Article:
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Unix Dweeb

How to check your network connections on Linux

Mar 09, 20184 mins
LinuxRed HatUbuntu

The ip command provides a lot of information on network interfaces. Do you understand what it's telling you?

The ip command has a lot to tell you about the configuration and state of your network connections, but what do all those words and numbers mean? Let’s take a deep dive in and see what all the displayed values are trying to tell you.

When you use the ip a (or ip addr) command to get information on all the network interfaces on your system, you’re going to see something like this:

$ ip a
1: lo:  mtu 65536 qdisc noqueue state UNKNOWN group default qlen 1000
    link/loopback 00:00:00:00:00:00 brd 00:00:00:00:00:00
    inet scope host lo
       valid_lft forever preferred_lft forever
    inet6 ::1/128 scope host
       valid_lft forever preferred_lft forever
2: enp0s25:  mtu 1500 qdisc pfifo_fast state UP group default qlen 1000
    link/ether 00:1e:4f:c8:43:fc brd ff:ff:ff:ff:ff:ff
    inet brd scope global dynamic enp0s25
       valid_lft 57295sec preferred_lft 57295sec
    inet6 fe80::2c8e:1de0:a862:14fd/64 scope link
       valid_lft forever preferred_lft forever

The two interfaces on this system — the loopback (lo) and network (enp0s25) — are displayed along with a lot of stats. The “lo” interface is clearly the loopback. We can see the loopback IPv4 address ( and the loopback IPv6 (::1) in the listing. The normal network interface is more interesting.

Why enp0s25 and not eth0

If you’re wondering why it’s called enp0s25 on this system instead of the likely more familiar eth0, a little explanation is in order.

The new naming scheme is referred to as the “Predictable Network Interface” naming. It’s been used on systemd-based Linux systems for some time. The interface name depends on the physical location of the hardware. The “en” simply means “ethernet” just like “eth” does for eth0. The “p” is the bus number of the ethernet card and the “s” is the slot number. So “enp0s25” tells us a lot about the hardware we’re working with.

The string of settings tell us that …

BROADCAST    the interface supports broadcasting
MULTICAST    the interface supports multicasting
UP           the network interface is enabled
LOWER_UP     the network cable is plugged in and device connected to network
mtu 1500     the maximum transfer unit (packet size) is 1,500 bytes

The other values listed also tell us a lot about the interface, but we need to know what words like “brd” and “qlen” represent. So, here’s a translation of the rest of the ip a shown above.

mtu 1500                      maximum transfer unit (packet size)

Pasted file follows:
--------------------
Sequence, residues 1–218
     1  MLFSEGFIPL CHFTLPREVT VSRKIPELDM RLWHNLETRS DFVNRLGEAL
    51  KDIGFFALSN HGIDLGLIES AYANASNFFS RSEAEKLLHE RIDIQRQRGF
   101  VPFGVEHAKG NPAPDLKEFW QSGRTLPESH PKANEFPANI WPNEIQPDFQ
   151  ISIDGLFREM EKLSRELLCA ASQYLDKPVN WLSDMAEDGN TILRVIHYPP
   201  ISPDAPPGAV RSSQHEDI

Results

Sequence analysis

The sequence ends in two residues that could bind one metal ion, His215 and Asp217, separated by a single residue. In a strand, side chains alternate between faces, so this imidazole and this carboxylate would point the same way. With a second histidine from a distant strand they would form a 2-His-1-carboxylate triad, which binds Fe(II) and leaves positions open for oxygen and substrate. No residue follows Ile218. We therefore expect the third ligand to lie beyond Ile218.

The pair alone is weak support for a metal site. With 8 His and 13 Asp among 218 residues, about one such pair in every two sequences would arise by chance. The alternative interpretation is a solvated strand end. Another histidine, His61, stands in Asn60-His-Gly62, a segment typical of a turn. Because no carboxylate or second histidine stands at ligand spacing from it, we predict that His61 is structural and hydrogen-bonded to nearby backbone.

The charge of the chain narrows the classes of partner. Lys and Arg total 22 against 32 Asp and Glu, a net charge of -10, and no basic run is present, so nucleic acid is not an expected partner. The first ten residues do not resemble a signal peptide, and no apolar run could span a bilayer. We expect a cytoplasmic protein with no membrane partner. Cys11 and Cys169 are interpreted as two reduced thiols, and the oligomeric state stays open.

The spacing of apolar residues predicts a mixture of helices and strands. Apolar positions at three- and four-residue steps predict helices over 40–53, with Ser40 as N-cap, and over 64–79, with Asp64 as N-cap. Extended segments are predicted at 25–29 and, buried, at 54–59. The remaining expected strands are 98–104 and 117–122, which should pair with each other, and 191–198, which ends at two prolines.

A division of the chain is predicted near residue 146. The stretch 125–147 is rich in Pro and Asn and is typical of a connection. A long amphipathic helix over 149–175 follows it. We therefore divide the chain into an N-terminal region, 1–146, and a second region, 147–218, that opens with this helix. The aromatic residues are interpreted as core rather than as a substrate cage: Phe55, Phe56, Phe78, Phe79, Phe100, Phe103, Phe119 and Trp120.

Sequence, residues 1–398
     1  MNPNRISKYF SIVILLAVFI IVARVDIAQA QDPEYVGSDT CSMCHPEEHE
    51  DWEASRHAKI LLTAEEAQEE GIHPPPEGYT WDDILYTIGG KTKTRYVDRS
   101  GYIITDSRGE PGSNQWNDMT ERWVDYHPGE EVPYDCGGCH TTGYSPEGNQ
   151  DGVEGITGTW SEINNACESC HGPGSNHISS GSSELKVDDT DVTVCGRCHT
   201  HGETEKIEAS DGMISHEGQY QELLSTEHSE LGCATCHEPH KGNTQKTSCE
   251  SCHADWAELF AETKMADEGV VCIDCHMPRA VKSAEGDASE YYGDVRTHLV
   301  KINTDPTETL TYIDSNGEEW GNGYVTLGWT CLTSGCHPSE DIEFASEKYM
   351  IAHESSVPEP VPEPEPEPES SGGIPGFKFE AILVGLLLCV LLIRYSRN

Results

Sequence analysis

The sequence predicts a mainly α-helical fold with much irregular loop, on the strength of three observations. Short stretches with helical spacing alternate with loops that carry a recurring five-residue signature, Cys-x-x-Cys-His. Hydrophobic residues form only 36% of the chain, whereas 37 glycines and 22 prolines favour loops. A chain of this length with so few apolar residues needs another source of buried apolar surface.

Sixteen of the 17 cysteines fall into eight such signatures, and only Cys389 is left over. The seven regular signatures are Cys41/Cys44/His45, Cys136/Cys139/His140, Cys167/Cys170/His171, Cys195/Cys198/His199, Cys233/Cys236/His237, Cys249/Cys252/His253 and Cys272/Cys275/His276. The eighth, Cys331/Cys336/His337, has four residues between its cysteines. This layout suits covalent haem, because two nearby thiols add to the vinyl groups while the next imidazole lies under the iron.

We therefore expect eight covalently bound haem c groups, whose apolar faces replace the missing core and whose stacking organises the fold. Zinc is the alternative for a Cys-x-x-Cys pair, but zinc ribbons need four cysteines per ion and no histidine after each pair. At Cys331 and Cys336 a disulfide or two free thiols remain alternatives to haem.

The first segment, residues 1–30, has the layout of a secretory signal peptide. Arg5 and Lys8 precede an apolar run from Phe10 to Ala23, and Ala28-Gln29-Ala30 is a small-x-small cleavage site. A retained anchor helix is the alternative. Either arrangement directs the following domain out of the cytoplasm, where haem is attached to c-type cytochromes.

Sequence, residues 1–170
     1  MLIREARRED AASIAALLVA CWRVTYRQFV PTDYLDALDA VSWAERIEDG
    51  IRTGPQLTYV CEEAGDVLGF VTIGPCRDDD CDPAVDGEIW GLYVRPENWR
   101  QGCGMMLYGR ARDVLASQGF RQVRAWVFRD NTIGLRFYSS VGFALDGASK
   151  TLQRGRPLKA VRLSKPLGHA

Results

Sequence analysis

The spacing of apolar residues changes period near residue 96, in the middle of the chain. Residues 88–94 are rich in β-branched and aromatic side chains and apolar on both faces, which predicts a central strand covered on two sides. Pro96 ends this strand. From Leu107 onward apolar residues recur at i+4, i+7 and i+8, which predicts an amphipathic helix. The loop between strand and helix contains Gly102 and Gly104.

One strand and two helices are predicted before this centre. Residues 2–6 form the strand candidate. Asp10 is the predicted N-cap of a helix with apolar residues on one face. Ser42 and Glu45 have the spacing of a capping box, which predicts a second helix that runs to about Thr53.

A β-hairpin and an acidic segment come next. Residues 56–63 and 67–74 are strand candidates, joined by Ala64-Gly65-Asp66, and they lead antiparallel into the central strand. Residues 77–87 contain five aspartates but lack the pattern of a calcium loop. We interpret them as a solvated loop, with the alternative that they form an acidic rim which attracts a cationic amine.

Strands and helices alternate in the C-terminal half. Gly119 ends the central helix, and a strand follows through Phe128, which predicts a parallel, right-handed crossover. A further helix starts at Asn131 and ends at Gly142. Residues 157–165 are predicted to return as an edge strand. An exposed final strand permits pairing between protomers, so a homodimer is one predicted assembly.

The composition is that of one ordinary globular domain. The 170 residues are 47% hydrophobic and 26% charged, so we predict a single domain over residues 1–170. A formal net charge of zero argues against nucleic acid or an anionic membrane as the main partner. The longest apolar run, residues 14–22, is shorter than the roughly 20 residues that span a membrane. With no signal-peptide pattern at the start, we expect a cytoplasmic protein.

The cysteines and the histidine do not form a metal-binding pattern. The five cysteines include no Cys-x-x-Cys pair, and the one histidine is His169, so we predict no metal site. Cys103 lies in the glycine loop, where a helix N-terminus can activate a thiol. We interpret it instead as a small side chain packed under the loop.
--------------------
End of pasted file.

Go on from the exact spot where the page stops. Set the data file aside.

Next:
qdisc pfifo_fast              used for packet queueing
state UP                      network interface is up
group default                 interface group
qlen 1000                     transmission queue length
link/ether 00:1e:4f:c8:43:fc  MAC(hardware) address of the interface
brd ff:ff:ff:ff:ff:ff         broadcast address
inet          IPv4 address
brd             broadcast address
scope global                  valid everywhere
dynamic enp0s25               address is dynamically assigned
valid_lft 80866sec            valid lifetime for IPv4 address
preferred_lft 80866sec        preferred lifetime for IPv4 address
inet6 fe80::2c8e:1de0:a862:14fd/64		IPv6 address
scope link                    valid only on this device
valid_lft forever             valid lifetime for IPv6 address
preferred_lft forever         preferred lifetime for IPv6 address

You might have noticed that some of the information that the ifconfig command provides is not included in the ip a output — such as the stats on transmitted packets. If you want to see a list of the number of packets transmitted and received along with collisions, you can use this ip command:

$ ip -s link show enp0s25
2: enp0s25:  mtu 1500 qdisc pfifo_fast state UP mode DEFAULT group default qlen 1000
    link/ether 00:1e:4f:c8:43:fc brd ff:ff:ff:ff:ff:ff
    RX: bytes  packets  errors  dropped overrun mcast
    224258568  418718   0       0       0       84376
    TX: bytes  packets  errors  dropped carrier collsns
    6131373    78152    0       0       0       0

Another ip command provides information on a system’s routing table.

$ ip route show
default via dev enp0s25 proto static metric 100 dev enp0s25 scope link metric 1000 dev enp0s25 proto kernel scope link src metric 100

The ip command is extremely versatile. You can get a helpful cheat sheet on the ip command and its options from Red Hat.

Unix Dweeb

Sandra Henry-Stocker has been administering Unix systems for more than 30 years. She describes herself as "USL" (Unix as a second language) but remembers enough English to write books and buy groceries. She lives in the mountains in Virginia where, when not working with or writing about Unix, she's chasing the bears away from her bird feeders.

The opinions expressed in this blog are those of Sandra Henry-Stocker and do not necessarily represent those of IDG Communications, Inc., its parent, subsidiary or affiliated companies.

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